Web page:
Student leaders sound off on religion
Nearly 30 religious groups provide faith and family for MIT community
With nearly 30 ASA-recognized religious student groups on campus, the MIT community is teeming with religious diversity. But, most of these groups have less than 30 members who regularly attend their events, and some groups are no longer active on campus or are not ASA-recognized. According to Robert M. Randolph, Chaplain to the Institute, their presence on campus has been generally consistent. With so many groups, however, it is difficult to talk to everyone, and a number of groups did not respond to requests from The Tech.
Nevertheless, The Tech spoke with a number of leaders in these groups to see what it’s like to be involved in religious life at MIT, and one thing’s for sure: MIT’s reputation as a leading science and engineering institution has caused skepticism towards its faith.
Chinua Shaw ’13, Vice President of the Baptist Student Fellowship and co-coordinator of the United Christian Organization (UCO), explained that “There is kind of a view that a lot of people have that tech schools aren’t going to have much religion, and so I initially was unsure of what to expect, as were my parents, but actually during CPW, I ended up finding some of the community, I was really able to find that there was really a strong presence of the Christian community on campus.”
Abubakar Abid ’14, the events organizer for the Muslim Students Association (MSA), agrees. “Coming to MIT, I was concerned about maintaining my faith, not so much because I feared aggressive irreligion, but because I expected the religious communities to be somewhat silent. My biggest surprise has been to find that that’s far from the case. Rather, I frequently see powerful displays of MIT students’ faith in the way they dress, speak, and the events they organize,” he said.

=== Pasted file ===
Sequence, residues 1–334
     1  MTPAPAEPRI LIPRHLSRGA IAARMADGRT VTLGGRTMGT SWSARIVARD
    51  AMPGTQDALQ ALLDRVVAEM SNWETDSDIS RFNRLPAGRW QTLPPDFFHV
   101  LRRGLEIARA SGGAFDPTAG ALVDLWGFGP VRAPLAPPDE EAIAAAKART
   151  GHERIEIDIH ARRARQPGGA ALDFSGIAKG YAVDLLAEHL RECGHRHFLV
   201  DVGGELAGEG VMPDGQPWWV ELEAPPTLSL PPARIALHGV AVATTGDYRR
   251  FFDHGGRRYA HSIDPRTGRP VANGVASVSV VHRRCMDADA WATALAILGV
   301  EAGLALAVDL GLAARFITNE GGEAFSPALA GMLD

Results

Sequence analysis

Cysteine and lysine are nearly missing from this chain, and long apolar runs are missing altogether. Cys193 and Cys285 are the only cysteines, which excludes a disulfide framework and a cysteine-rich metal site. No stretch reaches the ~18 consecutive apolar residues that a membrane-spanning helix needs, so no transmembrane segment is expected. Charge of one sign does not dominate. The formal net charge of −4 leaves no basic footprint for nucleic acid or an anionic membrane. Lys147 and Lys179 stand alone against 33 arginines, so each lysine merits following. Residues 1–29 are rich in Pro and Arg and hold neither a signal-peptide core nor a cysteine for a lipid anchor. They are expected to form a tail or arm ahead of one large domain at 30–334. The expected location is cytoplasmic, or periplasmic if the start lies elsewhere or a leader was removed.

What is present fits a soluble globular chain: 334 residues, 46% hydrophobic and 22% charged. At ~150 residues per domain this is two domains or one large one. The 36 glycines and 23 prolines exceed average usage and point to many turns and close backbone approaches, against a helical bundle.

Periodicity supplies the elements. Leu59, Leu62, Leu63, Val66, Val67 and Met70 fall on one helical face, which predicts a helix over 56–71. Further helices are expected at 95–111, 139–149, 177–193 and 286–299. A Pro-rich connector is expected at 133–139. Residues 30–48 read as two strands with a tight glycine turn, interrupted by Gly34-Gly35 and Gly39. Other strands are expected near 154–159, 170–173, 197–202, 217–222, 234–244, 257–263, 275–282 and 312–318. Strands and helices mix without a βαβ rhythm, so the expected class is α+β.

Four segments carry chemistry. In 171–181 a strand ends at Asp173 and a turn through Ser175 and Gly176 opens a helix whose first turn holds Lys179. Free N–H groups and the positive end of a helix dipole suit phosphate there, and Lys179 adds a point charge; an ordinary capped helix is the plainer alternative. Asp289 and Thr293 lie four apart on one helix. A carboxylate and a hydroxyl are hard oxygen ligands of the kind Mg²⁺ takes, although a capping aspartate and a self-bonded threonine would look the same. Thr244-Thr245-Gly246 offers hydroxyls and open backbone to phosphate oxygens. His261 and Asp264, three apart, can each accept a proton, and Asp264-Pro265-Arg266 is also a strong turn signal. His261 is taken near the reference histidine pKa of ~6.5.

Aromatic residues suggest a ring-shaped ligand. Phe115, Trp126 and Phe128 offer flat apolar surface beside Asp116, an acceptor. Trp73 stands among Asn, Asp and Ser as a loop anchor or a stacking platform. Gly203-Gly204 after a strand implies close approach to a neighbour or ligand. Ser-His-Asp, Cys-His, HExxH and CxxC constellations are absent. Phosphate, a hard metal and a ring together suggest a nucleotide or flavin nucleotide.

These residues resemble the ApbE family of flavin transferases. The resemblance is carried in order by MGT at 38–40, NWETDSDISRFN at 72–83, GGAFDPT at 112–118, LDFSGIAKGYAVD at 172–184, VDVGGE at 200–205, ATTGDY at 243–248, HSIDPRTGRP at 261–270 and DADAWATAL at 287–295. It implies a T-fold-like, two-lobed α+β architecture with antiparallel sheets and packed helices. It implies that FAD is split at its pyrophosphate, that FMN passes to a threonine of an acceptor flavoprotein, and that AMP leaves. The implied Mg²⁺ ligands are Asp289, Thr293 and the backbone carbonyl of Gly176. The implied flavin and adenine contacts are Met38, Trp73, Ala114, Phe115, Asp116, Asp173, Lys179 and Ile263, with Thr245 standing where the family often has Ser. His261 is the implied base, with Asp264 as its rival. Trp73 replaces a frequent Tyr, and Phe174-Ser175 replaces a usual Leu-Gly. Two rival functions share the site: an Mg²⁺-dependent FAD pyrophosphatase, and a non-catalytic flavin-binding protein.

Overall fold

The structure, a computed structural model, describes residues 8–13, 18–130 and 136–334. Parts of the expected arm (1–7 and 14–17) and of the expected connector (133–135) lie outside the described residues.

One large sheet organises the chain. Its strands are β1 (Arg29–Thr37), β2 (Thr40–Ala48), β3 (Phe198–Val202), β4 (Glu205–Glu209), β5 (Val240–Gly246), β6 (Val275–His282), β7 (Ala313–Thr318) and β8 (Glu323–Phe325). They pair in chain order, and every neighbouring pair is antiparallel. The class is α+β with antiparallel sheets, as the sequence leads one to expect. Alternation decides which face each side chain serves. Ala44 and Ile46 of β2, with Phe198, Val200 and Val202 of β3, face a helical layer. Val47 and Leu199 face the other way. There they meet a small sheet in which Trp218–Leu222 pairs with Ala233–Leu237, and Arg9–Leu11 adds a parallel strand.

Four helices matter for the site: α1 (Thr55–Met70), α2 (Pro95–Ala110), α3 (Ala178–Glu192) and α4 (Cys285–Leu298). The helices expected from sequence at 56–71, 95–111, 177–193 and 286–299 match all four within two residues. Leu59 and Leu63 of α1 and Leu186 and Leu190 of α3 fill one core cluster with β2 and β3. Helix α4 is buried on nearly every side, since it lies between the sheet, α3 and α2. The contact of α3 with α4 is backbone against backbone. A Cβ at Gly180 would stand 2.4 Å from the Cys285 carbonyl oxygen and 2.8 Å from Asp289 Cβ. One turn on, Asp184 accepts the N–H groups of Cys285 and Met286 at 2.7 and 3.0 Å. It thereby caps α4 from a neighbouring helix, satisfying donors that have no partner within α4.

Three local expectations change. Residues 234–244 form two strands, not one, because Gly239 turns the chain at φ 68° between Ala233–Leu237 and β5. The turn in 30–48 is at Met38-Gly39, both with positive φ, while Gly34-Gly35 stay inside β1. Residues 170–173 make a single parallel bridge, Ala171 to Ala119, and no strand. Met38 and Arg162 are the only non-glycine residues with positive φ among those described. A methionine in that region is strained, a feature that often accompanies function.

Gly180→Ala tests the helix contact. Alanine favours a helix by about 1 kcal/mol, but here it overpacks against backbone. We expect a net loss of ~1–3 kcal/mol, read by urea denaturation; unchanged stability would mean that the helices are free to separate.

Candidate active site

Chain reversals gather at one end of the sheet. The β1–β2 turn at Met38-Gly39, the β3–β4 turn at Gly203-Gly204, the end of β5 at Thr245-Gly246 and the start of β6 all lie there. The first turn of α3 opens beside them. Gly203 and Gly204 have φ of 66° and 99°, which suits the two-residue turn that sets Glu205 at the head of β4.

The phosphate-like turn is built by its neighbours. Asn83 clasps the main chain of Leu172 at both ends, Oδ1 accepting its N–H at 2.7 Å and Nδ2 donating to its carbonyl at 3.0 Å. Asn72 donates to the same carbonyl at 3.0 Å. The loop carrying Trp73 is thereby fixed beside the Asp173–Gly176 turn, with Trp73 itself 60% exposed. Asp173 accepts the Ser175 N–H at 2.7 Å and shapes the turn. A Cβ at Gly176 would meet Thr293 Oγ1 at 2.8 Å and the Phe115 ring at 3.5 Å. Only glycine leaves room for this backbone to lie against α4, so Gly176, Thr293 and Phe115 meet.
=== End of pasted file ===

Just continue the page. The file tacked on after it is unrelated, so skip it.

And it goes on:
Aubrey J. Colter ’13, President of the Latter-day Saint Students Association (LDSSA), has also been impressed, “I have been pleasantly surprised to find that MIT is somewhere I can grow intellectually and spiritually,” she said.
“While MIT is a science place, religion is very, very alive here. The number and diversity of religious student groups is quite striking. The main challenge is that people get so busy with their work, that maybe there is not enough time for discussion of spiritual issues among members of the different groups,” said Brian F. Aull PhD ’85, the Baha’i representative on the Board of Chaplains.
Mark Jen-Hao Ku G, a member of the Graduate Christian Fellowship (GCF) leadership team and co-coordinator of the UCO with Shaw, who became Christian two years before coming to MIT, told The Tech that “As soon as I came here, one of my priorities was finding a Christian community on campus as well as a church I can call home.”
At MIT, Ku noticed that people are not quick to judge based on religion, but instead are willing to ask questions like what are Christians like? What is Church like?
Finding a balance
Aull said he knows what it’s like to balance religion with the academic load of MIT. As a graduate student, he says he had little concern about maintaining his faith. “I always felt that I could investigate reality for myself and not be swayed by peer pressure or other social or cultural influences.”
In an email to The Tech, Mary A. Breton ’14 , President of the Orthodox Christian Fellowship (OCF), said, “It has certainly been difficult at MIT to maintain an active OCF group. Because we are a relatively small school and Orthodoxy is a relatively small religious group in the US and Canada (approximately 5 million people), yearly fluctuations dramatically affect membership.”
Abid notices the effect that time constraints at MIT have on his role with the MSA. “Although my faith has not been challenged at MIT, sometimes it has been difficult to balance administrative aspects of the MSA with study and research - often times, it’s hard to know how many events to organize before MSA members and volunteers are stretched too thin.”